First, teachers put students back into their teams and assign them to work through the SQRWR Strategy with chapter assignments within, not copied from, their subject area textbooks (these could also be online textbooks). However, since now students are using real textbooks and not printed copies on separate paper, they cannot use their highlighting markers, but the act of highlighting the important features of the text will have ingrained within them what these features are and what role they play in their full understanding of the information covered within the textbook chapter.
Second, when students have demonstrated understanding with Authentic Practice within their teams, then teachers can move students away from their teams and assign the SQRWR Strategy for students to work on alone in conjunction with an assigned textbook chapter.
Teachers walk around students while they are working: watching, listening, and observing them closely. Write anecdotal notes to yourself about what you are noticing to be used for future plans for teaching. Teachers collect students' work to examine specifically for areas of student need, strengths, and weaknesses. Reflect over what instruction students require for success with the SQRWR Strategy, and then reteach the problem areas.
Teachers grade students' individual work only after they have demonstrated understanding and success with answering questions over textbook reading assignments using the SQRWR Strategy.
Students with Special Needs: Modifications, Adaptations, or Differentiation
Teachers, through evaluations of students' work, can determine those students who need more intensified instruction fashioned to fit their individual or collective needs. Some ideas for helping students with special needs are included as follows:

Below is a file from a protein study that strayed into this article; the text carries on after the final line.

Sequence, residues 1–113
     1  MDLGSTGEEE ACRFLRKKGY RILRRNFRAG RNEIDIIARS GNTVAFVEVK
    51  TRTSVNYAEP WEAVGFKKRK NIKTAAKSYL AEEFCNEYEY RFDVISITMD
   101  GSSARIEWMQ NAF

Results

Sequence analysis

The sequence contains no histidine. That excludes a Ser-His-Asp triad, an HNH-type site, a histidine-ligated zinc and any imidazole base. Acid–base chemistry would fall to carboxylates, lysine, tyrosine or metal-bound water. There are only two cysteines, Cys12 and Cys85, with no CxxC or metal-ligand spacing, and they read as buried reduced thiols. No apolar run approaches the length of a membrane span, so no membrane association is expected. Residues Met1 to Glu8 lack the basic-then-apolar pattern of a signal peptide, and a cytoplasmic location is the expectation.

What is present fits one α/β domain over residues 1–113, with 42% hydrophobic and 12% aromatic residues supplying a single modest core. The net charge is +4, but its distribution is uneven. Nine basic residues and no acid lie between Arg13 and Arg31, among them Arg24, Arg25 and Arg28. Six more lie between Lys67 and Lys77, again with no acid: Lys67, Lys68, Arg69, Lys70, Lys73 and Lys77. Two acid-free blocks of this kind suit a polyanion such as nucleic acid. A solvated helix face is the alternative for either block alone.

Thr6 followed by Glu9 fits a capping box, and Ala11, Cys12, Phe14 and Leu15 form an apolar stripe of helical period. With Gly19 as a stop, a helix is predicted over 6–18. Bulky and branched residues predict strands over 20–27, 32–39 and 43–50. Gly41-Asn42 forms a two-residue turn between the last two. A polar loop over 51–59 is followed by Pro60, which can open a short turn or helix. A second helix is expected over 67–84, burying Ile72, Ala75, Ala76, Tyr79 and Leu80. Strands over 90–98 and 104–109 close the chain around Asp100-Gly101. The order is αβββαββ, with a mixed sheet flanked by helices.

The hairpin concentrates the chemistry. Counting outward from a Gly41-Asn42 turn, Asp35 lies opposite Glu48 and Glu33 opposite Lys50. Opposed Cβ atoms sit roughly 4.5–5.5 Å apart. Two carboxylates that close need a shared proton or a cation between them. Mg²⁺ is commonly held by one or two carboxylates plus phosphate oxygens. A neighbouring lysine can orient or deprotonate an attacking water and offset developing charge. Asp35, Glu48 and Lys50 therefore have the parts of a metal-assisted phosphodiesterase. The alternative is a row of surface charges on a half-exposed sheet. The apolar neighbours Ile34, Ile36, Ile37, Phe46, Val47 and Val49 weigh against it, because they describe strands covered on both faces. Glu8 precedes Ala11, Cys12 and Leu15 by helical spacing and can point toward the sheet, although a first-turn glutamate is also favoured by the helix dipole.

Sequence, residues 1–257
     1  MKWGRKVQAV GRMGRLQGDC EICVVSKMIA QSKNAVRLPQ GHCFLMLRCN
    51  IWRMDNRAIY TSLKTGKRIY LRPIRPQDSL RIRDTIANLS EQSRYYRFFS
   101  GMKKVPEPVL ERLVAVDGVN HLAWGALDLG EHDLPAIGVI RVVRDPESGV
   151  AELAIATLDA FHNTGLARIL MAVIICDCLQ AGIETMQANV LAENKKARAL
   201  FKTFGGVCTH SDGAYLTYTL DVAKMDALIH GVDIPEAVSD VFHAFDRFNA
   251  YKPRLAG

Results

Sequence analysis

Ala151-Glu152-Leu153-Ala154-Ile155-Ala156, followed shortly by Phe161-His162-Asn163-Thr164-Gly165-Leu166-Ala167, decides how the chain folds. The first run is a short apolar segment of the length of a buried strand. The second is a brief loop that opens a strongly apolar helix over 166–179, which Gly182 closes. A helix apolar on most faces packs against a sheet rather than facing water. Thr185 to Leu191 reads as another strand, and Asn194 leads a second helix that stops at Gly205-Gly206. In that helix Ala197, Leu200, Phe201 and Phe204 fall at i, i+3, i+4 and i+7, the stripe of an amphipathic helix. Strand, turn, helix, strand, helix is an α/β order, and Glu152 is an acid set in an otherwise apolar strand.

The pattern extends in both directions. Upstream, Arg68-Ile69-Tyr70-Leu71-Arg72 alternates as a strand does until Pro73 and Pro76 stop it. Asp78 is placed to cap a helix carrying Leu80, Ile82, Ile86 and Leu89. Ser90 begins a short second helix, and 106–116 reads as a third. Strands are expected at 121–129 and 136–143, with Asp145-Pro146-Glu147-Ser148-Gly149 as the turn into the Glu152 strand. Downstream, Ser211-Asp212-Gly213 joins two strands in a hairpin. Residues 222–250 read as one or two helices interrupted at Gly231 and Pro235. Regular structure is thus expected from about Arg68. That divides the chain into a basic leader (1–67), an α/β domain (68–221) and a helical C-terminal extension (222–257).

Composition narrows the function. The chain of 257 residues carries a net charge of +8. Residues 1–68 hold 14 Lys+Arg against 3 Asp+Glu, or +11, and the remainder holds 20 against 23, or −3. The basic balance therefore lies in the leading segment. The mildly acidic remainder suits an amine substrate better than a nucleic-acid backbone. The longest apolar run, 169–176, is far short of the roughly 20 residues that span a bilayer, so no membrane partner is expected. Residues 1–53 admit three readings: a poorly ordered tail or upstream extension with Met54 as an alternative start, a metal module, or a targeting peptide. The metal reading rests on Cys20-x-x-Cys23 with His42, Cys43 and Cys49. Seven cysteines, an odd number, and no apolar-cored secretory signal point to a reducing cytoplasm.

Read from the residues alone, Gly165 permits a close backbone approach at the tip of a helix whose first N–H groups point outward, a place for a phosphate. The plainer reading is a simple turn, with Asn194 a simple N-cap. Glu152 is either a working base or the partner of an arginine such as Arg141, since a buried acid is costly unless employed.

1. Use below current grade level textbooks
2. Use short chapters of selections of text
3. The teacher reads aloud the textbook chapter chorally with students more than once
4. The teacher instructs students in their team to read aloud the textbook chapter using shared reading strategies (teachers see Oral Reading Fluency...in References)
4. The teacher creates SQRWR Strategy worksheets
Many times teachers at all levels of education ranging from K-12, struggle with HOW to actually help students read, study, and learn from expository text. The SQRWR Strategy makes this process very clear and literal for students to understand, apply, and to see how they can approach a textbook reading assignment with a strategy that has specific steps to follow that will enhance their learning engagement. In order for students to learn information while they are reading, they need to understand how to actively think as they are reading, in other words, they need to learn how to DO something with the text other than just reading it.
Robinson, F. P. (1946). Effective study. New York, NY: Harper and Brothers.
Weih, T. G. (2017). Reading comprehension: Question-text-answer-relationship (QTAR). Saching.com.
Weih, T. G. (2015). Oral reading fluency instruction for grades K-3. Saching.com.
Copyright © 2017 Timothy G. Weih, Ph.D.
University of Northern Iowa, USA
About Author / Additional Info:
Timothy G. Weih is an associate professor of education at the University of Northern Iowa, USA, and teaches elementary teaching methods courses.